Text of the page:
The extreme cold that has hit the United States for several days should begin to ease on Tuesday in the East and Midwest of the country, after the "blizzard of the century" which killed at least 49 people, including 27 in a single county in New York State, and caused transportation chaos.
"It's far too early to say it's over," warned New York Governor Kathy Hochul, however, adding that up to 30 cm of snow should still fall. "It's clearly the blizzard of the century," she added during a press conference from the city of Buffalo, where she was born.
Even if the intensity of the storm is no longer that of recent days, it is "still dangerous to be outside", she warned.
"Temperatures are expected to ease across the Midwest and East over the next few days," the US Weather Service (NWS) confirmed in its first bulletin on Tuesday, warning of "locally hazardous traffic conditions."
Since Wednesday evening, the United States has been hit by a winter storm of rare intensity, whose icy winds have caused heavy snowfall, especially in the Great Lakes region.
Tens of millions of Americans saw their Christmas weekend turned upside down by massive power outages, impassable roads and thousands of canceled flights, causing chaos at airports.
In total, more than 15 flights had to be canceled, including nearly 000 on Monday, according to tracking site Flightaware.com.
Western New York, accustomed to cold and storms, has been buried under meters of snow, suffering from polar temperatures since last week.
In Erie County, which includes Buffalo, the death toll rose to 27 Monday, according to Mark Poloncarz, county official. Some people have been found dead in their cars or outside, and others have died of cardiac arrest while trying to clear snow, while temperatures are still freezing, he added.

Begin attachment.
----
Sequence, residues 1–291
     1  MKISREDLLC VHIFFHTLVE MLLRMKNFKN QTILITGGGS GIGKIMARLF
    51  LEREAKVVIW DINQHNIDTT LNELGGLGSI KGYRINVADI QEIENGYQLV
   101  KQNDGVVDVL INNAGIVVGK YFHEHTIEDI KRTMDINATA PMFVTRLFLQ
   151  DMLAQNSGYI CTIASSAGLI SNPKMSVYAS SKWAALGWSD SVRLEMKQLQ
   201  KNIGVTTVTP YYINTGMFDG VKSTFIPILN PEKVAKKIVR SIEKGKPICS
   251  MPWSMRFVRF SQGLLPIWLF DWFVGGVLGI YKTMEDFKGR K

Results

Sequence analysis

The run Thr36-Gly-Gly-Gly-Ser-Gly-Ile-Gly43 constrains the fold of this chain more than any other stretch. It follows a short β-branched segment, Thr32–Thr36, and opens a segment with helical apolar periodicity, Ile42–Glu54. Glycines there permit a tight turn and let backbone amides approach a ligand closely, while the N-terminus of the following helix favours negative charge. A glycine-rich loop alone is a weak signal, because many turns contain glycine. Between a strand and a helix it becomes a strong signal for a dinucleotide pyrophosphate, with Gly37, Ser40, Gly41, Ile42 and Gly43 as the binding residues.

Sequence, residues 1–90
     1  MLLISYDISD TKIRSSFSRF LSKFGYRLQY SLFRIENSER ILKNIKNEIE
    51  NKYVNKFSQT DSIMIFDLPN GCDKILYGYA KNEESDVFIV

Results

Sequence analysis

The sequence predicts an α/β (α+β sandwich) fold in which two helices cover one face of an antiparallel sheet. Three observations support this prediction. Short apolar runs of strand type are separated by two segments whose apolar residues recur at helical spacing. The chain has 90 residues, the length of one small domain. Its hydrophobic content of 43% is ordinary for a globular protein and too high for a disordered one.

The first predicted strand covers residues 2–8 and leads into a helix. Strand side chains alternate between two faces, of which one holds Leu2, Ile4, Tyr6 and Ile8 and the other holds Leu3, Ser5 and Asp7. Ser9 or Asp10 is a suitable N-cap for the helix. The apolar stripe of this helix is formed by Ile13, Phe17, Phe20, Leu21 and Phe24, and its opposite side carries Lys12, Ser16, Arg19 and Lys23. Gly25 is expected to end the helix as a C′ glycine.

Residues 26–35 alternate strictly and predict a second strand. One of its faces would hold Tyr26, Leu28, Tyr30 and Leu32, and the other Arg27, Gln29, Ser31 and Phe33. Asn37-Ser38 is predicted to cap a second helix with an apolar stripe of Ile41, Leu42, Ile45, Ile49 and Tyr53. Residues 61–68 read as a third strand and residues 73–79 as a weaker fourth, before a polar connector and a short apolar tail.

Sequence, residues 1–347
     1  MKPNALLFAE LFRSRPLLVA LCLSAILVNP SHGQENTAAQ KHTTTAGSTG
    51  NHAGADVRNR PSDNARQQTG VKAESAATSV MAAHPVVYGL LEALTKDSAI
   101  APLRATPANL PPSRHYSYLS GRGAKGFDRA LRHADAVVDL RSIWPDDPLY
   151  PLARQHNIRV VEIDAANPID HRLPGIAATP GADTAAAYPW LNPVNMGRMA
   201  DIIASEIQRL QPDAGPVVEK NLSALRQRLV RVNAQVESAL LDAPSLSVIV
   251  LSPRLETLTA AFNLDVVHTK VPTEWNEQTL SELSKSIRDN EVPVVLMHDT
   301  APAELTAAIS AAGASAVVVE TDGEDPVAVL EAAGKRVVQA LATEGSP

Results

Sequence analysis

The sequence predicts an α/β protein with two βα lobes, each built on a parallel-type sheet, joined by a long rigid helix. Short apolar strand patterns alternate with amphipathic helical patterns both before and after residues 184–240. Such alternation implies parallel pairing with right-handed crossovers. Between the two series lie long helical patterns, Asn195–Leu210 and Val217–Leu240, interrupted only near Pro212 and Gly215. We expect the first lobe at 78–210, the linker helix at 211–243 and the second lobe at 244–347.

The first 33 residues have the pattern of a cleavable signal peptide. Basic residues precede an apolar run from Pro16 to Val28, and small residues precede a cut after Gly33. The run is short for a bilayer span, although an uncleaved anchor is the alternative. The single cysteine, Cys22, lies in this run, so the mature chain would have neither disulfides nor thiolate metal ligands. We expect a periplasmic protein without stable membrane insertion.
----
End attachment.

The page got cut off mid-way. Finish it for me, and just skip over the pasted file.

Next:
He said he expected more victims to be found gradually.
The total of deaths confirmed by authorities across nine US states is at least 49 dead. In Ohio, road accidents linked to these bad weather killed nine people, the Ohio State Highway Patrol confirmed to AFP.
“My heart is with those who have lost a loved one,” US President Joe Biden tweeted on Monday, indicating that he had spoken by telephone with the governor of New York, and promising to provide the necessary federal resources.
He said together with First Lady Jill Biden they were praying for those who lost loved ones in the storm, according to a statement from the White House.
According to the same source, Joe Biden also approved the declaration of a state of emergency in New York State.
" Heartbreaking "
Rescue teams evacuated hundreds of people from snow-covered cars and homes without power, but others could still be stranded in snow, authorities said.
“Please, unless you are part of the emergency services, do not drive,” asked Mr Poloncarz. “The conditions are bad. »
"What we're doing today is getting people to doctors, nurses and hospitals," county sheriff John Garcia told CNN on Monday. “The roads are finally starting to be passable because the winds have died down. »
During the height of the storm, rescuers were no longer able to reach people in distress, for example those stranded in their car or at home without electricity.
"It's heartbreaking to have calls from families with kids saying they're frozen," county sheriff John Garcia told CNN.
Despite the perilous conditions, Buffalo police have rescued "hundreds" of people, said the city's mayor, Byron Brown.
Electricity has been restored to more than 13.000 homes in the past 24 hours, Mark Poloncarz said Monday morning, but some will not be able to be connected to the network until Tuesday, he warned.
Buffalo International Airport remains closed through Tuesday and the traffic ban remains in effect in the city and much of Erie County.
The Editorial Board (with AFP)